Toru invited Bob and Marion Aitken, Mary Morrison, John Wyre and myself to perform at the Space Theatre in Osaka for Expo 70. We had programmed a piece I didn’t like and I told Toru I was embarrassed to play it for him or anyone else. Toru said, “The performers job is to make a piece better”.

Iannis Xenakis was there and Cathy Berberian gave a recital during which I heard for the first time one of Luciano Berio’s Sequenza’s. Lukas Foss partnered me with Vinko Globokar in a kind of improvised piece. Vinko had taken his instrument apart and was playing it in every way other than traditionally. In the middle of the performance he motioned for me to give him the bow I was using on a cowbell and bowed the bell of his trombone. All of this was heady stuff for a symphony drummer.

After Expo, Toru brought Yuji Takahashi, Wyre and me to his mountain home in Karuizawa. One day Toru said, “I want to take you to a waterfall.” We took taxis down a winding road and stopped at the edge of a forest. After walking through the woods for a bit we came upon a rock cliff with a pool of water at its base. We looked up to the top of the cliff and saw only ferns. The “falls” was a thin line of water seeping through a crack in the cliff face just inches above the pool. The only sound I remember hearing was Yuji’s gentle laughter.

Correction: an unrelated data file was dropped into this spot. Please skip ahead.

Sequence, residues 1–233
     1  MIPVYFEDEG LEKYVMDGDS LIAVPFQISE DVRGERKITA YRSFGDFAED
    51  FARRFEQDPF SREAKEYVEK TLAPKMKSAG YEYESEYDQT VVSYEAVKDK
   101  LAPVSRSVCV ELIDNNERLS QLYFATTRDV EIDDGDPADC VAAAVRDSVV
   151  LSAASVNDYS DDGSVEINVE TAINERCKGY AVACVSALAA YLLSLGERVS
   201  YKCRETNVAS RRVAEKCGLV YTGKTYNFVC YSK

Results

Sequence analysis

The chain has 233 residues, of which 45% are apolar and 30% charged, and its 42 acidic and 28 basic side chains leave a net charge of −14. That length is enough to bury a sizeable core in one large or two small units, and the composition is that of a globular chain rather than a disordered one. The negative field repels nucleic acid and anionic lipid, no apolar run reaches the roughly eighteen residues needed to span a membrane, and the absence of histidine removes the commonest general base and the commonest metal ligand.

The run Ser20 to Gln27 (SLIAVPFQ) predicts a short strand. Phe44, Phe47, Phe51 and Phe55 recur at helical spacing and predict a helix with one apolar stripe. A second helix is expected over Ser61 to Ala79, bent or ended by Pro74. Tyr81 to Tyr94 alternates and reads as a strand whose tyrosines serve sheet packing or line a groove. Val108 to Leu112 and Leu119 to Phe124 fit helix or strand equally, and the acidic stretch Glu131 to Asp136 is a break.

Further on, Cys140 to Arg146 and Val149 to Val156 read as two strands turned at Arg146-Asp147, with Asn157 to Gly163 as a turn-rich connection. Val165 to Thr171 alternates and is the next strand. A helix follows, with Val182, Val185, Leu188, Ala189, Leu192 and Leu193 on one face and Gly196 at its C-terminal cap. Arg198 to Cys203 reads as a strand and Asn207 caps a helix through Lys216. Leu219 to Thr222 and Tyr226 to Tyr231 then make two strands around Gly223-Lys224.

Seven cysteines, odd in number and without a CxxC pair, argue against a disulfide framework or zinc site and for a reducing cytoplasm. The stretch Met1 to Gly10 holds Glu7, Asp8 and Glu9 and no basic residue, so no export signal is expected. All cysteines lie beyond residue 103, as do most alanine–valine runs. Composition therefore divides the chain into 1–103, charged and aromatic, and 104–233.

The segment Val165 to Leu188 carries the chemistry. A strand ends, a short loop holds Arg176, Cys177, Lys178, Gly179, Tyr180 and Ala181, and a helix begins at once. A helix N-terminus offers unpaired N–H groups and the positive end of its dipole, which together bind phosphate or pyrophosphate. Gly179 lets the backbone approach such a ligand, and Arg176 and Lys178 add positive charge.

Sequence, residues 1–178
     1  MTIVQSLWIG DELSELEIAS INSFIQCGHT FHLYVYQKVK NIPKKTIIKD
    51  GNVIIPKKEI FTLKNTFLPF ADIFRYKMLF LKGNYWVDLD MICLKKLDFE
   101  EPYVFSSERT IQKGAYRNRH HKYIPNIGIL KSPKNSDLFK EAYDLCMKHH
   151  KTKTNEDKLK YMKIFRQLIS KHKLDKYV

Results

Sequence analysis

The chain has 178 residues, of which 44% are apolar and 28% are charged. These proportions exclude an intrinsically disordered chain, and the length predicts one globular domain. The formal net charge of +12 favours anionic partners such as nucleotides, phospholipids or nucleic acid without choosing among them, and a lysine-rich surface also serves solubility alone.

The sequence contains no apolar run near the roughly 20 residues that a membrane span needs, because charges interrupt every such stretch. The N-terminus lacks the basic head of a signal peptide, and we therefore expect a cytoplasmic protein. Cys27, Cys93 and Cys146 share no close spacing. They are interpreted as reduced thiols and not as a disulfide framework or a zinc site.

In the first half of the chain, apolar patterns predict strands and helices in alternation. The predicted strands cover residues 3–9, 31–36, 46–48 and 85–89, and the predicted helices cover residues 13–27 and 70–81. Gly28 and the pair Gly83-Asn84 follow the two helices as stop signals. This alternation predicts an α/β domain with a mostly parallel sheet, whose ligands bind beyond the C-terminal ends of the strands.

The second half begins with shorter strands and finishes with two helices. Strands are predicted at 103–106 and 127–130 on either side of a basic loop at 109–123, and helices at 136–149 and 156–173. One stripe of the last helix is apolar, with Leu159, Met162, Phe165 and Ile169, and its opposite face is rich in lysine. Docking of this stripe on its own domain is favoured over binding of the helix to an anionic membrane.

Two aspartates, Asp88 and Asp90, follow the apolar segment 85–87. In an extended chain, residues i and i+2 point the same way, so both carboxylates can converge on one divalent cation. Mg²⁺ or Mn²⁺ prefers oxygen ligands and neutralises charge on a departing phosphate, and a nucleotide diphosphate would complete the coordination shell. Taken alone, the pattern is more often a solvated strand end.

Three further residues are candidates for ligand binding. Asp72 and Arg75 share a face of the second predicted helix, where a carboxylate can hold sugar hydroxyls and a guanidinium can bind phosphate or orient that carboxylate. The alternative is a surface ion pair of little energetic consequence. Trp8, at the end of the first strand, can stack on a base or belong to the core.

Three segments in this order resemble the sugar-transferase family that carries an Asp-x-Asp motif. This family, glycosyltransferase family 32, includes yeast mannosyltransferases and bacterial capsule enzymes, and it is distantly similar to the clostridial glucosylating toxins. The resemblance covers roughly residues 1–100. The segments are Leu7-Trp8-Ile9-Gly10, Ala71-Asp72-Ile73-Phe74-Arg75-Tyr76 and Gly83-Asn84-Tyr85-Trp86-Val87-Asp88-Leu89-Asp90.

Some of the guys in Nexus drove to Chicago in 1971 to hear Stomu Yamashita play the solo part in the premier of Toru’s Cassiopeia at Ravinia with Seiji Ozawa conducting the Chicago Symphony. One night we went to a bar where, to Toru’s delight, Bill Cahn introduced him to the drink Black Russian. A friendly conversation developed and gradually, as youthfulness oft times dictates, a gravitas settled in. On leaving the bar we silently crossed the street to the far gutter where Toru stopped and said, “The most difficult thing is to trust yourself”.